I photographed this small spider as she walked on my bed.

 Here is a good example of how small this spider is.   I believe she is a juvenile, so identification is difficult.

 Underside view of same spider, showing details.  Click on picture for full view.  To return to my site just use back arrow.
 A face on shot--showing her eyes up top as well as palps which are very female looking.  However, since this is such a young spider, it is hard to tell.

In 2012 this picture was printed in the Trimet event calender.   This marks my first time being published as a photographer.  A great moment for me.  Our local public transit system here really liked my shot and made it a nearly full page picture in December.   This is down town Portland Oregon.  1000s of people got this calender and my first published picture!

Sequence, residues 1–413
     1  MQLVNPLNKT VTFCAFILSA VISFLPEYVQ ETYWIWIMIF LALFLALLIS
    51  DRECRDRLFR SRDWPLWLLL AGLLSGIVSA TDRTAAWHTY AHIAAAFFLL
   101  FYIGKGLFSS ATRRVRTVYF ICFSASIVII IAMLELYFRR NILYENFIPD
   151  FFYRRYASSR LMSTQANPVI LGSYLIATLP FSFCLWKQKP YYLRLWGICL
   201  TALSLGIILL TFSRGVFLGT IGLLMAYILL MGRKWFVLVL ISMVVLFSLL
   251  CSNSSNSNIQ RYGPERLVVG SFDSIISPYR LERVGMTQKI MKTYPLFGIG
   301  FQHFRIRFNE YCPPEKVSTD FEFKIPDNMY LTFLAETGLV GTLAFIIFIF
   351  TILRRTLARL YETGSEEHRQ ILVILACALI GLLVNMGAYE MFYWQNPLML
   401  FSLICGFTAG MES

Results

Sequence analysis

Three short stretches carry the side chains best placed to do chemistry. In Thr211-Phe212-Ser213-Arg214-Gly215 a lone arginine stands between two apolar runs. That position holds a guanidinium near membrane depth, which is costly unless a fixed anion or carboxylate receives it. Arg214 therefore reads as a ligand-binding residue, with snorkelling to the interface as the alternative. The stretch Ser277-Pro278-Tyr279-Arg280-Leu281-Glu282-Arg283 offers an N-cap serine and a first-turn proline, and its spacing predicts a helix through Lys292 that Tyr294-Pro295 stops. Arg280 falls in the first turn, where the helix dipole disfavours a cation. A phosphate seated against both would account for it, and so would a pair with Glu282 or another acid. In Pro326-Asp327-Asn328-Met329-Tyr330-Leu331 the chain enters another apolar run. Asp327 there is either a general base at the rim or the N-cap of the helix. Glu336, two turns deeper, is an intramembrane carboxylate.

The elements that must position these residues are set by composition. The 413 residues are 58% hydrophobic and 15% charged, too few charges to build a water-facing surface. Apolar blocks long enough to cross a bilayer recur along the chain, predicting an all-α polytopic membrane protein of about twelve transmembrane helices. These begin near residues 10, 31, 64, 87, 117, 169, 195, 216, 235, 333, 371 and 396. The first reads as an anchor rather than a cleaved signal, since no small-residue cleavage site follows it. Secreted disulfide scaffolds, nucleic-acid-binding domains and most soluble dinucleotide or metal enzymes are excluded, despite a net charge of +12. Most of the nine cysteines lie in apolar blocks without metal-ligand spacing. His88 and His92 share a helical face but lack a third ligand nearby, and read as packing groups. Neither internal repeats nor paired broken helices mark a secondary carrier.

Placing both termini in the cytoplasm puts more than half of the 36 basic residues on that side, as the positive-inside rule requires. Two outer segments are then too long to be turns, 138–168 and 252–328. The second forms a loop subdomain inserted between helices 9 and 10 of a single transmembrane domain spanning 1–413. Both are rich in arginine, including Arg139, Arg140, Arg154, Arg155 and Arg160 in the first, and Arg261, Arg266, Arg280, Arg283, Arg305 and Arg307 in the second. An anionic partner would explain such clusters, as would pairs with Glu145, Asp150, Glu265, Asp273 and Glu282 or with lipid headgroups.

Much more to come, this is my first post.  I have a great deal of work to do to get this site going and actually looking good.  Please come back anytime--there will be more pictures and I can promise that the new Mostly Macros will be even better then the last.  It was a tragic loss, nearly 8 years of work--but this blog will grow.  It is not just a technical blog--you really never know what I will post here, from news to strange things.  It's just a way to show my photography and share my knowledge of the subjects I am interested in.